Teaching the first half of the American history survey has become a more complicated job over the last few decades. The reason is quite simple—the purview of early American historians has broadened significantly in the same period. A narrative from Jamestown to Independence to Civil War is now a narrative that begins with (or even before) the Columbian Exchange. A geographical focus that formerly considered the “thirteen colonies” almost in isolation now extends northwards to Canada, westwards to the Mississippi, southwards to the Caribbean, and across the ocean to Europe and Africa. A predominantly white, male, Protestant cast of characters has welcomed women, people of color, Native Americans, and others to its merry band.
All of this is a good thing. But it runs up against a critical problem—the amount of time in a semester has not extended at all. To take account of newer historical approaches therefore requires critical editing of syllabi and a rethinking of approaches. That means there will be, for want of a better term, “winners” and “losers” in terms of the material covered in the survey course. My contention is that the 18th century is the main loser from these changes—and I wonder, at times, what the implication is for our students’ understanding of key currents of American history. Continue reading
The ratification of the Federal Constitution is a notoriously difficult historical event to categorize. On the one hand, it is a watershed moment; the creation of a consolidated federal government with extensive power is a clear break with the immediate post-Independence traditions of American governance. Yet at the same time, it is traditionally seen as the final achievement of a revolutionary generation—the fulfillment of the ideals of the Revolution. Continue reading
Welcome to another of The Junto‘s weekly round-ups of things that caught our eye in the rest of the Internet this week. Find the links after the jump! Continue reading
I don’t like Abraham Lincoln. Working in Springfield, Illinois, that’s not an especially popular viewpoint to hold. Yet it is working in Springfield, Illinois, that has really led me to that conclusion. It’s almost impossible to escape the shadow of Honest Abe here. Bronze statues sit prominently in downtown; all sorts of programs and buildings at my university bear Lincoln’s name. His face even peers out from every license plate in the state. It’s a historical cult of personality that can feel alienating to a revolutionary specialist.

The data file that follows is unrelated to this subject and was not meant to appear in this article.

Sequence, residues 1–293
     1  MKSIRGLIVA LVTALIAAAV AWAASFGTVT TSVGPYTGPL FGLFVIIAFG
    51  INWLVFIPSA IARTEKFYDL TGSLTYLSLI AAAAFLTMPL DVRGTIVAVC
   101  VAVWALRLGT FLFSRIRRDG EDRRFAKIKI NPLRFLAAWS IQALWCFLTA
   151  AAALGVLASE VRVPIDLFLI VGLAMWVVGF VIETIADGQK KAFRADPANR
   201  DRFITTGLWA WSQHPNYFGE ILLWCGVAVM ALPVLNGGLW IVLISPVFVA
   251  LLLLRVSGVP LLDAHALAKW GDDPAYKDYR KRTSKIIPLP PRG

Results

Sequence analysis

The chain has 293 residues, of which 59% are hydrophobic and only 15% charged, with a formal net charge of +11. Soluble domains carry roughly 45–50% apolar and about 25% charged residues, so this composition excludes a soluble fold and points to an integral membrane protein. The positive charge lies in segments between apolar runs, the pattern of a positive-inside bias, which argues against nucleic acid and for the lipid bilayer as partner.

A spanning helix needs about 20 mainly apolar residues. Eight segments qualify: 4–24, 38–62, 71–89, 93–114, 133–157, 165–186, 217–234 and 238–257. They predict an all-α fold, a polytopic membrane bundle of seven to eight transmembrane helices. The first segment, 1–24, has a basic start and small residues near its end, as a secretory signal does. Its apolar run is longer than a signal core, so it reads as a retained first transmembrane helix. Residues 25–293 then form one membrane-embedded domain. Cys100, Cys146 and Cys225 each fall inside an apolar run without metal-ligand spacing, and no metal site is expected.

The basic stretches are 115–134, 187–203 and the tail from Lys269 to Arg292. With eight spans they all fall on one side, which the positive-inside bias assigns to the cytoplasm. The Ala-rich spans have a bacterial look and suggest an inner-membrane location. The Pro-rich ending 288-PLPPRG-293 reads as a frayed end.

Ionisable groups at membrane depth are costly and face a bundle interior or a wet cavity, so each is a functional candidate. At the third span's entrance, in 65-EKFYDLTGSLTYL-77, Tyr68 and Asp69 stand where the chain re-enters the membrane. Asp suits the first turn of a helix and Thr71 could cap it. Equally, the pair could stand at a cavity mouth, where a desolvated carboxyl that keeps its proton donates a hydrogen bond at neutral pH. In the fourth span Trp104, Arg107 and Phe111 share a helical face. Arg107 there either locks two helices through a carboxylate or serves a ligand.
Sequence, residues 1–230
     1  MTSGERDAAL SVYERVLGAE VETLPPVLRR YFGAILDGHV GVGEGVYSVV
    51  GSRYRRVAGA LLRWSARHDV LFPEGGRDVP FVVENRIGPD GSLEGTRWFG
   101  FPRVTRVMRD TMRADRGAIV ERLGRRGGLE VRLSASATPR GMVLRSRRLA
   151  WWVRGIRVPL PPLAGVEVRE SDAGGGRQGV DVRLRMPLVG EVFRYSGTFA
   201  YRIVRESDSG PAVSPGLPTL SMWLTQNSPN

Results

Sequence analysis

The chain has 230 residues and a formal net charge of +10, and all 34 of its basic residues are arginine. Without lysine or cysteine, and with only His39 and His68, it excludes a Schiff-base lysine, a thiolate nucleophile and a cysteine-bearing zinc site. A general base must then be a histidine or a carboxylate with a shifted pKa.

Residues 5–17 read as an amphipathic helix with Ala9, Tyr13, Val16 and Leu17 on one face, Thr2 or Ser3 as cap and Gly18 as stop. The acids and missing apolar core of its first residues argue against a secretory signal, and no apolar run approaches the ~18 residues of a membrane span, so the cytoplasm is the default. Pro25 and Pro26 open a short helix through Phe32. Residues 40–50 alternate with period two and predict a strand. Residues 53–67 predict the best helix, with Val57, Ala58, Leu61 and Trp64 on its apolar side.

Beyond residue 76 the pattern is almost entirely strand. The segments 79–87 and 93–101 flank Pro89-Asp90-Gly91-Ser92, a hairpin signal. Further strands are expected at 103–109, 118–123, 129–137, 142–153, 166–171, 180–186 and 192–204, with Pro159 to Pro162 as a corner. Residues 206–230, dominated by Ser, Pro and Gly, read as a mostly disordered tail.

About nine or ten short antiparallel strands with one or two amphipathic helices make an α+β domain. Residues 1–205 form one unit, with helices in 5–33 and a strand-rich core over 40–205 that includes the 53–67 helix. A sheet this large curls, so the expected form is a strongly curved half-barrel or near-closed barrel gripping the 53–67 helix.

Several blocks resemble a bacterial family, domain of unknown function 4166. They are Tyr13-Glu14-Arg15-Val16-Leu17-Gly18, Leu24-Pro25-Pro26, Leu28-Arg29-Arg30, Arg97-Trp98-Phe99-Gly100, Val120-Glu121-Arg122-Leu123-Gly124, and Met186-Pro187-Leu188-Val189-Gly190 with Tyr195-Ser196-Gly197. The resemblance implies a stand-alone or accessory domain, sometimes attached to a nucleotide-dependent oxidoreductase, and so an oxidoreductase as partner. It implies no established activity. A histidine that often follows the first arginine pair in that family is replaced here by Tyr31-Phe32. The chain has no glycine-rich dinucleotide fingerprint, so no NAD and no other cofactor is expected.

(Though he does have a good nose for sniffing out dodgy car dealers.) Continue reading
Readers of early American history blogs will undoubtedly have come across the recent kerfuffle regarding the divide between academic and public historians of the American Revolution, which stemmed from a series of posts by Peter Feinman assessing the conference. Much of the debate has centered around this post, in which Feinman chided academic historians for their failure to answer the question: “Was the American Revolution a good thing?” Roy Rogers posted an excellent response to this here last week; J.L. Bell at Boston 1775 had other reflections on Monday (and is continuing to address the topic in other posts).
If Inventing The People is a work of consensus history, it is not one that seeks to celebrate blindly the development of an Anglo-American tradition of popular sovereignty. “The popular governments of Britain or the United States rest on fictions as much as the governments of Russia and China” (13). Indeed, many of Morgan’s most important conclusions in the book are remarkably radical—reminding us that all power is at some level arbitrary, and that appeals to rationality alone cannot justify any single system of government. Indeed, governments that try and conform to the letter of their appeals to the people could not long hope to survive. “The fiction must approach the fact but never reach it” (91). Thus, while Morgan unquestionably concludes there is a coalescence of ideas of popular sovereignty, it is not a reassuring consensus. The consensus on the dominance of popular sovereignty is necessary, for else a community can never be made fit to govern. Continue reading